There is an experienced qualified pathway for people seeking NMAS Accreditation who are currently offering mediation services.
NMAS Accreditation – Mediation Role Play
National Mediator Accreditation is actually not a VET qualification. It is offered under a voluntary industry standard established by the Mediators Standards Board (www.msb.org.au)
The Standards for NMAS Accreditation Courses require the student to participate in 9 role plays (a minimum of three as the mediator).
From the point of view of the training provider there isn’t a lot of cost in people being role players. We really only need to count the number of role plays with mentoring / feedback required when we are determining our delivery costs.
The course is either delivered as a workshop or series of workshops or online.
Some workshop trainers do wandering feedback during the early role plays but the best ratio of trainers to students is one to three.
Some training providers get students do recorded role plays at home with friends and relatives or other students online for later feedback.
We think that is poor instructional design. We usually offer our course fully online although sometimes offer blended delivery or role play days.
We really like doing online video role plays because it is easy to record the role play so the student can review themselves against the feedback and pick up some of the areas for improvement in a way that overcomes their cognitive resistance. I’ve often provided feedback to a student only to have them not really believe that they did or didn’t do something. That is understandable as in the moment it is hard to distinguish between what you intended to do and what you actually did. Recording the video role play is the trainers best friend in this regard and really helps students with calibrating and improving their skills.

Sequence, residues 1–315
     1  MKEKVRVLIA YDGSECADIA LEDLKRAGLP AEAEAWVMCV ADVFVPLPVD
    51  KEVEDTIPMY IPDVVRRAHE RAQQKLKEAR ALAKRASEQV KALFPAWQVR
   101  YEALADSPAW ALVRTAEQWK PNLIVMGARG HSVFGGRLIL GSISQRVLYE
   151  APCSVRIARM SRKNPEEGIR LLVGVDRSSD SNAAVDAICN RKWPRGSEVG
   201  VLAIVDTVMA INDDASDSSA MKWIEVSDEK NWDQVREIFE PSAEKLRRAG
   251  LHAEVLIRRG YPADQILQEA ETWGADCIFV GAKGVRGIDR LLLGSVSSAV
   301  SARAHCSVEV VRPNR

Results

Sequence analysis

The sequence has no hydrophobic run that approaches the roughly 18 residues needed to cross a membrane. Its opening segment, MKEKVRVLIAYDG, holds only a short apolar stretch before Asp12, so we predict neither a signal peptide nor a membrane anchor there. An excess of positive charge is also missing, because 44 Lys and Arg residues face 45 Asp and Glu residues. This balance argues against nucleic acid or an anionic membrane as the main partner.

We think that all of the role plays are important so we want to be providing live coaching for every one.
Allowing students to do role play and then only giving feedback later to one student was something we used to do when we initially started training. We quickly discovered that it isn’t a good idea and now provide live mentoring and feedback. We found that we got “thought viruses” where one student would do something that looked OK to the others but was inappropriate. Then the students who were role players would incorporate that, wrong but OK looking, thing and also make the mistake spreading it to other role players.
The other problem with delayed marking of role play is that they take as long or longer than the role play itself (90 minutes) and that is a big chunk of time to find in a day to do a review. It is really easy to get a backlog of videoed role play marking if you are not doing live assessment so students wait days or even weeks for feedback.